Police seize 833 firearms in a month during clampdown on terrorist supply lines
More than 800 potentially lethal weapons were seized as police launched a major crackdown to snuff out any supply line to terrorists.
Officers recovered 833 firearms including machine guns and assault rifles as well as thousands of rounds of ammunition in just a month.
Scores of suspects were arrested during the operation, which started in October with the aim of preventing criminals and terrorists gaining access to illegal firearms.
The joint initiative was conducted by the National Crime Agency (NCA) and counter-terrorism police as part of efforts to clamp down on any connection between organised gangs and extremists.
Concern over the danger of terrorists getting hold of guns increased in the wake of the Paris attacks in November 2015.
Investigators did not identify any clear link to terrorism as part of the activity but it did yield a "handful" of counter-terrorism leads.
Detective Superintendent Nick Wilcox, of National Counter Terrorism Policing (NCTP), said: "Counter terrorism officers continue to plan and prepare in light of world events such as the attacks in Paris - but we want to remain on the front-foot and stop terrorists obtaining guns in the first place.
"Low firearms availability is a major advantage in the UK."
Of the firearms seized during the four-week operation, 379 could be considered viable, 14 were non-viable while a further 440 are awaiting assessment.
The haul included a fully-loaded AK74 assault rifle and a Skorpion submachine gun.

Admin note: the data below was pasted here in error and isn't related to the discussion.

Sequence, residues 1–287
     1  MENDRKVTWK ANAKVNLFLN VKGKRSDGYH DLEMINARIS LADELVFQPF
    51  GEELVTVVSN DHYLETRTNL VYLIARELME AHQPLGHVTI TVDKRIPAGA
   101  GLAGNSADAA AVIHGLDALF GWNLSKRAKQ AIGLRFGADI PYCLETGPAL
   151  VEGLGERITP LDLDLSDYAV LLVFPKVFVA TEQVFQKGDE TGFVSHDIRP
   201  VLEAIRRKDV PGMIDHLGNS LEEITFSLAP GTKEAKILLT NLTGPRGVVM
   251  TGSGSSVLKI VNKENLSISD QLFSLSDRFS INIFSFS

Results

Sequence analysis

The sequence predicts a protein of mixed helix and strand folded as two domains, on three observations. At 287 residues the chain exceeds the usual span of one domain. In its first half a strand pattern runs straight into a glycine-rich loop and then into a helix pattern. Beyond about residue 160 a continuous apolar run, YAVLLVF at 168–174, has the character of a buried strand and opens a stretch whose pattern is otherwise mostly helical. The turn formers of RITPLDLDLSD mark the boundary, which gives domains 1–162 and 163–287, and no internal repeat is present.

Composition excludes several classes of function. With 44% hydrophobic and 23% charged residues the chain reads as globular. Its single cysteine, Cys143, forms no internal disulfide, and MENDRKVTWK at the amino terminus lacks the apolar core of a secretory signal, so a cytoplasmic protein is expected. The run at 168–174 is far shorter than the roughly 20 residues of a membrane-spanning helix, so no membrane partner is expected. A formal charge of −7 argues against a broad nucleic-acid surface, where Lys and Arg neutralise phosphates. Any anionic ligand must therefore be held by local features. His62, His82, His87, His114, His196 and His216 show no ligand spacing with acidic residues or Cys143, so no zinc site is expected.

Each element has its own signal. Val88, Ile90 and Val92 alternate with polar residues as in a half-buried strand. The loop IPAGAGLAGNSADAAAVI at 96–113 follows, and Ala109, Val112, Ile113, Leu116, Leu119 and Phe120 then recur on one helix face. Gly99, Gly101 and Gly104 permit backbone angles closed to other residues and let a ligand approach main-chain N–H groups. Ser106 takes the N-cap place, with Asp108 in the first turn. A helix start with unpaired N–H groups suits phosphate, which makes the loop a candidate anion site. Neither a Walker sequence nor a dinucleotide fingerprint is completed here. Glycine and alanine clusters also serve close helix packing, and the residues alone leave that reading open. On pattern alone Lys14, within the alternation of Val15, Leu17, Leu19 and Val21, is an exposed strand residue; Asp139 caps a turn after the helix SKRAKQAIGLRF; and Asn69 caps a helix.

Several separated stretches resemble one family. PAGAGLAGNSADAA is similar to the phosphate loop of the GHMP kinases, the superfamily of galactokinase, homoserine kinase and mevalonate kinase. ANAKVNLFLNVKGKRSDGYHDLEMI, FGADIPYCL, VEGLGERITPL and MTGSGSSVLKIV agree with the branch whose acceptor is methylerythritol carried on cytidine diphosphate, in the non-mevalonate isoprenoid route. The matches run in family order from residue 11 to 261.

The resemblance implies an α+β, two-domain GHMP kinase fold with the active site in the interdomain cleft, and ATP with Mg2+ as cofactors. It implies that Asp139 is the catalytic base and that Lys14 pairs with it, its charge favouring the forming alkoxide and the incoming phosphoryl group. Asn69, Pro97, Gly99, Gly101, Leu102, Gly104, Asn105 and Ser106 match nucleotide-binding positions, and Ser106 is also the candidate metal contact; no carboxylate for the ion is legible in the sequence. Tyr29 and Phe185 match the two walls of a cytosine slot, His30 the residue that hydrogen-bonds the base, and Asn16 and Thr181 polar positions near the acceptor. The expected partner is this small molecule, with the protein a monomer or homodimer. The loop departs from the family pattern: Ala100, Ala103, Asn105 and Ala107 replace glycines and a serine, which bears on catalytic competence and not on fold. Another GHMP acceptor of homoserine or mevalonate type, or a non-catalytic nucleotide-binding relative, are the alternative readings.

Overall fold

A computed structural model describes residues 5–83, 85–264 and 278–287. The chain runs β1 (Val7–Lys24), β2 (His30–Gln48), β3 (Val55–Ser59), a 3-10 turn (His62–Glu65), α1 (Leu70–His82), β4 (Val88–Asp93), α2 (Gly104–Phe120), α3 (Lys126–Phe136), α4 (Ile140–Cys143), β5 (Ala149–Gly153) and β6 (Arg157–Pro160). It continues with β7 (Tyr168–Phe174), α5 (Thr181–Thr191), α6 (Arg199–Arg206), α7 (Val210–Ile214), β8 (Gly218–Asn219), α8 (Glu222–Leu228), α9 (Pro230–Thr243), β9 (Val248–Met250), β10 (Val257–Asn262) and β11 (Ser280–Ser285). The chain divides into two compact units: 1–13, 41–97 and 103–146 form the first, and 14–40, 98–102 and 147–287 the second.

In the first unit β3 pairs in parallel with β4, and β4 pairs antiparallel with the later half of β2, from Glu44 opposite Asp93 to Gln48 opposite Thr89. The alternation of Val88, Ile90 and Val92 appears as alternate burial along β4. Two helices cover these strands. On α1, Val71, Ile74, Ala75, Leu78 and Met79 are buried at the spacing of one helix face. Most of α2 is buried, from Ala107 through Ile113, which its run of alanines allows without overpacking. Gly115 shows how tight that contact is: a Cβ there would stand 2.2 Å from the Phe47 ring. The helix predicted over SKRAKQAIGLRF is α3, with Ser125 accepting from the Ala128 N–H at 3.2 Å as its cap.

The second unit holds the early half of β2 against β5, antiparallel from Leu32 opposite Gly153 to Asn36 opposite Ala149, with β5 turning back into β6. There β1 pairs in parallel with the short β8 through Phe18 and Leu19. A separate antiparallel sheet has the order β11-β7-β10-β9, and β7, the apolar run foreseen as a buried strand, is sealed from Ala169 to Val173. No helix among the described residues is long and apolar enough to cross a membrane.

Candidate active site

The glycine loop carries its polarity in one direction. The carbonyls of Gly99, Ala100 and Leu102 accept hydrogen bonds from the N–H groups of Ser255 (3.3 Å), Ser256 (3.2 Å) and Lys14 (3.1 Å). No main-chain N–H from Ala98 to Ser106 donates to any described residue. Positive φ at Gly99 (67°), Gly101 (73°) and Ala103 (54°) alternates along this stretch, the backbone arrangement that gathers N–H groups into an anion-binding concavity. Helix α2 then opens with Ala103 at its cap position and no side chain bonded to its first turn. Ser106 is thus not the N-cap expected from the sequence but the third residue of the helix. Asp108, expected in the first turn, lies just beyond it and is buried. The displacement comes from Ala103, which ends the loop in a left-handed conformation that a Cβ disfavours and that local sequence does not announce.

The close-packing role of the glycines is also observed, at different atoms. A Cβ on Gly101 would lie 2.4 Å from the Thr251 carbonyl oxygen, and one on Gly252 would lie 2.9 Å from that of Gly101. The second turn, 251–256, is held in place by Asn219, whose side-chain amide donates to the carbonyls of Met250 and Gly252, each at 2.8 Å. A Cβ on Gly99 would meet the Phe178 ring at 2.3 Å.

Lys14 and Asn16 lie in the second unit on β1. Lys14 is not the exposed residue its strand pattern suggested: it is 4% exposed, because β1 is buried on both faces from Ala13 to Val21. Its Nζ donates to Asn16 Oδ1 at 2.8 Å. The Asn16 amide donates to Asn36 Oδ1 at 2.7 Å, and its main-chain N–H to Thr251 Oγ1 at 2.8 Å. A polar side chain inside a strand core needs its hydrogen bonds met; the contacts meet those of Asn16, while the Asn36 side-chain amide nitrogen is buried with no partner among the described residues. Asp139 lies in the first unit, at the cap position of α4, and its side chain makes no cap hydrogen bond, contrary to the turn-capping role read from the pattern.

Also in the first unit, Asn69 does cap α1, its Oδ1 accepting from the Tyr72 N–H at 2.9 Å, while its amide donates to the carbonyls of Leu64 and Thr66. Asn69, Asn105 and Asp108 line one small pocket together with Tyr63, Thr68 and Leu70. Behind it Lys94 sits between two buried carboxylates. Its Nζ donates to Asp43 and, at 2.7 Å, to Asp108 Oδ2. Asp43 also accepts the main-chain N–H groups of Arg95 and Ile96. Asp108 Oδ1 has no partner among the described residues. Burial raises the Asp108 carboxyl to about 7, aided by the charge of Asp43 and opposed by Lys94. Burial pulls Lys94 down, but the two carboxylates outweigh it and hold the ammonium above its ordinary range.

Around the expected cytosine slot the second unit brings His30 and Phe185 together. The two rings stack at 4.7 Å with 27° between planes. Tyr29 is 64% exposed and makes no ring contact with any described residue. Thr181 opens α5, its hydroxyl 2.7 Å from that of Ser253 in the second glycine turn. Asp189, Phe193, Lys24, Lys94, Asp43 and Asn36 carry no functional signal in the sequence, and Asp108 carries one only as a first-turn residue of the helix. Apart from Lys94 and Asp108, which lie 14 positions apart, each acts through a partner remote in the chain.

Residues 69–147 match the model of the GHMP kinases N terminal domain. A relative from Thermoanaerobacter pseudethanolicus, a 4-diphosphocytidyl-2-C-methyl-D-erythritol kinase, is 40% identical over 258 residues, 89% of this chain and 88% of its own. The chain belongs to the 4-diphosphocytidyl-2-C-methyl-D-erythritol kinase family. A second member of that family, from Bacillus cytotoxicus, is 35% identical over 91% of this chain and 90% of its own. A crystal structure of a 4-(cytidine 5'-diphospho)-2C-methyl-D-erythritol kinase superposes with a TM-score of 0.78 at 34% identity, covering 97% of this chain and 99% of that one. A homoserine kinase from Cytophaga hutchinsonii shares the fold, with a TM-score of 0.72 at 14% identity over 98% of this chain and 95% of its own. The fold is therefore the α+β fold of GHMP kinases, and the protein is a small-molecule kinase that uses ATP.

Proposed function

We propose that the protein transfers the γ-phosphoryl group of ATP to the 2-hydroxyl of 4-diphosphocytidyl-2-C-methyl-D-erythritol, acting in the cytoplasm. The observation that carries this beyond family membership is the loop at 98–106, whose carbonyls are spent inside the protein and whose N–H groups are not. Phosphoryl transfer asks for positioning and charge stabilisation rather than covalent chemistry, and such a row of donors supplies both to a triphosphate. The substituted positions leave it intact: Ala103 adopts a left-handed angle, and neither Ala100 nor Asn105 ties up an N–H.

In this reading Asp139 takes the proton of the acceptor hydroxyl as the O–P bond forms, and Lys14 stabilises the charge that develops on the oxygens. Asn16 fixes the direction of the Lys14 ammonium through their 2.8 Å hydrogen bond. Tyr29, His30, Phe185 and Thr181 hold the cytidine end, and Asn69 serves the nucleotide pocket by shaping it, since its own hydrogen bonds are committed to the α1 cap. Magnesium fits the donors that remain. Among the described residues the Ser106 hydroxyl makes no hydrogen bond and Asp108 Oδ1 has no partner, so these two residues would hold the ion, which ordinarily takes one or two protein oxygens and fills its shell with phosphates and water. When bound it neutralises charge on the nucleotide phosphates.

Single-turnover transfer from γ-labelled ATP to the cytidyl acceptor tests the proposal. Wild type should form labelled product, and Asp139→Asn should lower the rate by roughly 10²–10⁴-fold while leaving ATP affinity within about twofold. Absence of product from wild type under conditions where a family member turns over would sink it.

Some firearms were seized from registered dealers who had their licenses revoked and weapons confiscated, usually for inadequate certification.
Officers also recovered 4,385 rounds of ammunition and over 100 additional potential weapons such as knives, as well as 176lb (80kg) of illegal drugs and more than half a million pounds in cash.
Of the 282 people arrested, 111 related to suspected firearms offences. Sixteen arrests have resulted in a charge, 43 people have been bailed while 15 were released to face no further action.
NCA deputy director Chris McKeogh, who led the operation, said: "The surge of activity across the whole of the UK has yielded significant results - from the seizure of illegally held firearms and ammunition, to the number of reports we received from members of the public via Crimestoppers.
"Collectively, we will build on what we achieved in this short period of time to ensure that we develop the best intelligence we can about the firearms cross-over between organised crime and terrorism."
He hailed the public response to the campaign, adding: "This is not over though. One gun in the wrong hands is too many, so please think hard and if you know something, pick up the phone anonymously."